In this post, we're going to explain some of the specifics of cortisol metabolism. We'll show how this argument is vague, and how clarifying it leads to the opposite conclusion. The confusion may all stem from misunderstanding one important fact: different measures of cortisol are not equivalent.

First, though, there is an important reason why the argument doesn't make sense.

We already know that a ketogenic diet effectively treats metabolic syndrome. As we will describe below, it turns out that certain cortisol patterns are strongly linked to metabolic syndrome, and might even be a cause of metabolic syndrome. If the cortisol pattern that develops in response to a ketogenic diet were the kind that was associated with metabolic syndrome, then we would expect people on ketogenic diets to show signs of abdominal fat gain, rising blood sugar, and a worsening cholesterol profile, but we see the opposite. This by itself makes it highly unlikely that ketogenic diets raise cortisol in a harmful way.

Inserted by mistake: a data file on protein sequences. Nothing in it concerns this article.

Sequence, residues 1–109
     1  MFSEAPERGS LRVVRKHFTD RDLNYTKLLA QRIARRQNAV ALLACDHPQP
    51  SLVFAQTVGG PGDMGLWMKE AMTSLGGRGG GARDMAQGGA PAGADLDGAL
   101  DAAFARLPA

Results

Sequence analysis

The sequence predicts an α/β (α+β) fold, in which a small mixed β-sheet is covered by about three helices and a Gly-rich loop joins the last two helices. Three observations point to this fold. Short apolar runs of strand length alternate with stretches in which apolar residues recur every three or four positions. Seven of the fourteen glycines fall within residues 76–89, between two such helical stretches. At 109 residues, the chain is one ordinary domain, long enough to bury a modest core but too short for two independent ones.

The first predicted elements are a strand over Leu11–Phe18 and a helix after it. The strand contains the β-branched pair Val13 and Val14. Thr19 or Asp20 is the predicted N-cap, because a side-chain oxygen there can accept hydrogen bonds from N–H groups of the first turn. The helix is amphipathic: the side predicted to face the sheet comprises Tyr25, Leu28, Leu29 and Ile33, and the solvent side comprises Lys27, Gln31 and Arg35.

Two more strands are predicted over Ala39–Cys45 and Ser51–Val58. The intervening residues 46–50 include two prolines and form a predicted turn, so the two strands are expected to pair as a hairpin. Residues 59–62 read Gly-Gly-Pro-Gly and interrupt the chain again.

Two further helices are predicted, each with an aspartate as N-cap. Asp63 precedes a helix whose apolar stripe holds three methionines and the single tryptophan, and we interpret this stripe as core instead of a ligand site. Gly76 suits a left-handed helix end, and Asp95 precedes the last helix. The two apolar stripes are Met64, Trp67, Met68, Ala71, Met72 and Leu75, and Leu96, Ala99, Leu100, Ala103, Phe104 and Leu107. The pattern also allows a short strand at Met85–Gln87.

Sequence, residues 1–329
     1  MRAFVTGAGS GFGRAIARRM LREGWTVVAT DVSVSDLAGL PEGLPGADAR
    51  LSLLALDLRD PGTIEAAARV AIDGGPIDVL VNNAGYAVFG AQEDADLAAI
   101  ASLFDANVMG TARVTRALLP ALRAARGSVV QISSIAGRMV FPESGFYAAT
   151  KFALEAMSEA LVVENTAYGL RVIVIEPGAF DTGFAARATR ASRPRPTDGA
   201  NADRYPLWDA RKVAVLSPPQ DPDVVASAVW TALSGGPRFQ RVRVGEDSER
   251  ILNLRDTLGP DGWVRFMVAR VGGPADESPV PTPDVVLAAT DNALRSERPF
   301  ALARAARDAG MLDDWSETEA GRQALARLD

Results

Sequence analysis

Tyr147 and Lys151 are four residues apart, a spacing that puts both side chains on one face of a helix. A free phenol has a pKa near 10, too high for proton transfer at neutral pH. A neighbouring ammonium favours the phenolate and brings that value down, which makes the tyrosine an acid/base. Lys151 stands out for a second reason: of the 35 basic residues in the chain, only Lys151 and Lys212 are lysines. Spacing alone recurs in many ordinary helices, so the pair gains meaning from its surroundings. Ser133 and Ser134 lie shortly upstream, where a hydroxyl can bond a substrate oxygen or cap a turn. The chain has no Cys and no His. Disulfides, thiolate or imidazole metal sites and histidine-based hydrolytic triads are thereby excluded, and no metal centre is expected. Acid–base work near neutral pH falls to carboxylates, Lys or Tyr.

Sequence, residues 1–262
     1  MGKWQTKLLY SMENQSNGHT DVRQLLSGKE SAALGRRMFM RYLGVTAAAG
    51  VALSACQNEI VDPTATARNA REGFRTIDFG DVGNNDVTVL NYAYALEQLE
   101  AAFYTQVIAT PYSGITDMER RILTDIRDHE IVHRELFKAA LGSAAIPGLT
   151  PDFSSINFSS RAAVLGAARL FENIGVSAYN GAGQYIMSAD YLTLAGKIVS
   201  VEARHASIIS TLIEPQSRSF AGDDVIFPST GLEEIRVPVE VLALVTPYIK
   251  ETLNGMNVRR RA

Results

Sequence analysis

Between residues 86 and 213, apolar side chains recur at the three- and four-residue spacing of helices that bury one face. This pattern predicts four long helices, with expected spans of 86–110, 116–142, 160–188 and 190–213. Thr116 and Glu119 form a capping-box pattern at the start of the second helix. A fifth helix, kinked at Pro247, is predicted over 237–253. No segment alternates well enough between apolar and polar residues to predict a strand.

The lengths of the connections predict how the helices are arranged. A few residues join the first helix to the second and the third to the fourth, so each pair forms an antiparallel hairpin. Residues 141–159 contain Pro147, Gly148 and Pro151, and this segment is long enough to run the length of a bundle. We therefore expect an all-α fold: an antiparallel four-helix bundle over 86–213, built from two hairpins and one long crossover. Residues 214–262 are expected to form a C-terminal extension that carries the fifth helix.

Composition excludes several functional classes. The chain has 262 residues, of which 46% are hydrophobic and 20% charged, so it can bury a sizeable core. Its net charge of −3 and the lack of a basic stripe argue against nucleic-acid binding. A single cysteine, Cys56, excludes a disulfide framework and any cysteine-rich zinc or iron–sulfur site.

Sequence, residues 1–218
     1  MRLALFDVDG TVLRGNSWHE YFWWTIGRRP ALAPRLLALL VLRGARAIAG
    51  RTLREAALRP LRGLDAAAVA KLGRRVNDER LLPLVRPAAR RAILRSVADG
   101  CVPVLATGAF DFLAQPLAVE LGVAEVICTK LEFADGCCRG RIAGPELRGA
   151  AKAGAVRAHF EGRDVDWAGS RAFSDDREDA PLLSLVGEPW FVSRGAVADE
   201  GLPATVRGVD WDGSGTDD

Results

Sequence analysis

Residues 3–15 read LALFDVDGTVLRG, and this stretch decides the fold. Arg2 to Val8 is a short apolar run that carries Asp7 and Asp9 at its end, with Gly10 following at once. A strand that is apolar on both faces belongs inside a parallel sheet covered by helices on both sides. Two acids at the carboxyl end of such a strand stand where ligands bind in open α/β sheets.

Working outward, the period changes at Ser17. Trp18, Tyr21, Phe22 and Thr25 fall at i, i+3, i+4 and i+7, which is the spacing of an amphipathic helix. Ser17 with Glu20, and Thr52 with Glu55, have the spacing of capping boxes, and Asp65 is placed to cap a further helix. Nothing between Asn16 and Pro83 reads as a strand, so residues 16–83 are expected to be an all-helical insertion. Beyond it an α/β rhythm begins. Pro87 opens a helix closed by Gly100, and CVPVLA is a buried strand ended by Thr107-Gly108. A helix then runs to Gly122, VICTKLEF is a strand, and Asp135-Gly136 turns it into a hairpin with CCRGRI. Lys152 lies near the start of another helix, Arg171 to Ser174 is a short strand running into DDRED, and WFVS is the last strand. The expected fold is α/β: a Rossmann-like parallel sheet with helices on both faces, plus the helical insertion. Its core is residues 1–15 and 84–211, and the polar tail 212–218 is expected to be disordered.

In other words, because cortisol regulation is so deeply connected to metabolic syndrome, the fact that ketogenic diets reverse symptoms of metabolic syndrome is itself strong evidence that they improve cortisol metabolism.

In Brief

  • There are many different measures of cortisol, because researchers have identified many different processes in cortisol metabolism.
  • Increases in some of those measurements are consistently linked to metabolic syndrome, and others are not.
  • Some researchers believe that cortisol dysregulation is a key underlying factor in metabolic syndrome.
  • The cornerstone of this connection may be the activity of an enzyme, 11β-HSD1. It converts from the inactive form cortisone to the active cortisol.
  • In metabolic syndrome, 11β-HSD1 is underactive in liver tissue and overactive in fat tissue. This results in a high rate of cortisol clearance, and low rate of regeneration.
  • These symptoms of cortisol dysregulation associated with metabolic syndrome were found to be reversed by a keto diet in a study that made the necessary measurements.